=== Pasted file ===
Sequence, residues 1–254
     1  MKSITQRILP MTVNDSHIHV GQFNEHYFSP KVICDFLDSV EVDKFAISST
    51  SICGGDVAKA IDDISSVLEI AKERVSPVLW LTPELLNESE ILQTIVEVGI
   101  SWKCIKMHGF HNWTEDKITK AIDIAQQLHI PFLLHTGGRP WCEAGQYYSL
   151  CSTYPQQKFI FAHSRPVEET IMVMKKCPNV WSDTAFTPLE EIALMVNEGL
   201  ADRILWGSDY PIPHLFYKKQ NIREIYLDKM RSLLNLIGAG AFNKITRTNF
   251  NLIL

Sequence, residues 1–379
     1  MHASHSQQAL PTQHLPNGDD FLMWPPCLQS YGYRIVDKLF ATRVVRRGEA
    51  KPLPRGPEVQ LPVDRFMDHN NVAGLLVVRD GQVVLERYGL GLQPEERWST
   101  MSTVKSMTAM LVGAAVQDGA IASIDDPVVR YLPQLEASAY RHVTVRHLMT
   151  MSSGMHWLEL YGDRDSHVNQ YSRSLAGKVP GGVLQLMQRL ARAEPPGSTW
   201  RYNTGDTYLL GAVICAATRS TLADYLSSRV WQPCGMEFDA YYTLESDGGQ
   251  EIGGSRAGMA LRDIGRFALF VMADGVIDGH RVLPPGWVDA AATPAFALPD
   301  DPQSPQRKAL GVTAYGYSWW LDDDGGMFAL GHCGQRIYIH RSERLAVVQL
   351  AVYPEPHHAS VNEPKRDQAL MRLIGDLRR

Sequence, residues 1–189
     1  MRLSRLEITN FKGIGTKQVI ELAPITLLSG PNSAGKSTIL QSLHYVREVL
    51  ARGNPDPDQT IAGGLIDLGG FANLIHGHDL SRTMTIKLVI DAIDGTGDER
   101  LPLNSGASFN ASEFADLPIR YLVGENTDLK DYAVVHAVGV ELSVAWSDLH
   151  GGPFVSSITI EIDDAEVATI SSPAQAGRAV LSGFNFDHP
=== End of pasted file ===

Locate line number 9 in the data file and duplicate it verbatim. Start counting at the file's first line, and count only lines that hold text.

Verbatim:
     1  MHASHSQQAL PTQHLPNGDD FLMWPPCLQS YGYRIVDKLF ATRVVRRGEA